Joshua Scholar
In reply to this post by Kyryl Melekhin
It took me a while to understand your post, I've been up all night debugging.  And I've isolated my bug... 

Anyway, I see what you did, and it's cool, but it doesn't match my use-case which is for built in compiler, they call them "jits" these days, although what I want isn't technically a jit.
I mean more of a system where you can keep adding code even as the old code is still running, the sort of thing that used to be more popular with languages like Lisp, or Smalltalk or Forth.  That's not called a jits generally let programs be interpreted for a while and then compile code while it's running.  These old languages compiled code as soon as it was entered, it's just that you could add code without deleting the data that was already there, and in the case of the more interactive systems, you could even have some of the code already running while you're adding to it.  And there wasn't an inherent distinction between the development environment or even the windowing system and the user's code.  I once saw someone change how selected text is rendered in a Smalltalk system by changing the editor's code from within the editor.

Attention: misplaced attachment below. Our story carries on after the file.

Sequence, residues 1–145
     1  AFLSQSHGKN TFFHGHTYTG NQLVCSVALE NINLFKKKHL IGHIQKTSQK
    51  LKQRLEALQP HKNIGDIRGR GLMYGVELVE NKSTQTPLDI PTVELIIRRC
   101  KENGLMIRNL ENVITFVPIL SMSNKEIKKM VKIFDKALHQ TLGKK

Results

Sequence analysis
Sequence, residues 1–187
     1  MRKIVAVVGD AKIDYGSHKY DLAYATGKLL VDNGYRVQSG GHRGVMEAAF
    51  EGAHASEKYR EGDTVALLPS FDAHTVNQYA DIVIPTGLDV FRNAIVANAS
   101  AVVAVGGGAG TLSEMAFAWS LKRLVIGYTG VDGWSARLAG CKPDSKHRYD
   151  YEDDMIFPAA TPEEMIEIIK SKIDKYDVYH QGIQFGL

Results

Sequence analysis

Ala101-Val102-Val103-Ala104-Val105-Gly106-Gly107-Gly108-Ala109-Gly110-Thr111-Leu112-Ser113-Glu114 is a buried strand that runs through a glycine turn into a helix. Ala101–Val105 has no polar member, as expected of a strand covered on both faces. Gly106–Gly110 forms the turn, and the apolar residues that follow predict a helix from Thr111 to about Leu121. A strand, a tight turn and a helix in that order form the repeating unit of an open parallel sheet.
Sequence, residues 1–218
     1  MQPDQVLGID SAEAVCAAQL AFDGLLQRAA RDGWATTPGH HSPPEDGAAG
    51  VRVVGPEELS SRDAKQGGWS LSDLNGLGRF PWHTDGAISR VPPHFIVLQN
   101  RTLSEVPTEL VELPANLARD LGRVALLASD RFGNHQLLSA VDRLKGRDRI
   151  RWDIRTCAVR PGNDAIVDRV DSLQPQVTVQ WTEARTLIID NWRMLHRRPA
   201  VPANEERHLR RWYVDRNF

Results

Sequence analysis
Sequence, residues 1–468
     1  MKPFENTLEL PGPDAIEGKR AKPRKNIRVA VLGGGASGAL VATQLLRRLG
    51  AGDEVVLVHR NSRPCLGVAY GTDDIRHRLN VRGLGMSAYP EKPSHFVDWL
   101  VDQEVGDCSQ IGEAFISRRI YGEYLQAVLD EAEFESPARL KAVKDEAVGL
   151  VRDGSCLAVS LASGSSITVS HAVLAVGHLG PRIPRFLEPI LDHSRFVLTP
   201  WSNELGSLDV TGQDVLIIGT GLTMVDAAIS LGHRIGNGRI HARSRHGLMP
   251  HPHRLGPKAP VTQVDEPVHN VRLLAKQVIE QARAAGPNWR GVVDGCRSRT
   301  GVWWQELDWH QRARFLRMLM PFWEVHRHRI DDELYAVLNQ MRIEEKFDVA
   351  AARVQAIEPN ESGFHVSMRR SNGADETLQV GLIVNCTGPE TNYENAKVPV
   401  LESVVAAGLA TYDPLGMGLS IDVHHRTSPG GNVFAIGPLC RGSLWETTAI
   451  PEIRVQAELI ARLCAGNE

That's the sort of system where you don't want all your source code concatenated and compiled at once like you're doing, you want to compile a bunch of tiny routines and have them access each other.

Actually I can see there's a problem with the run time system in that case, because you want routines to share run time code that's already sitting in memory, not link to a new run time system each time.

C isn't designed for that.

I asked about that before and didn't get an answer, probably because what I was imagining is so foreign to how C works.

C isn't designed to link to a run time system once, and then slowly add more routines to a live system, reusing the symbol table for the existing run time and the already compiled routines.  

I guess I'm going to have to replace the runtime code with stubs that share.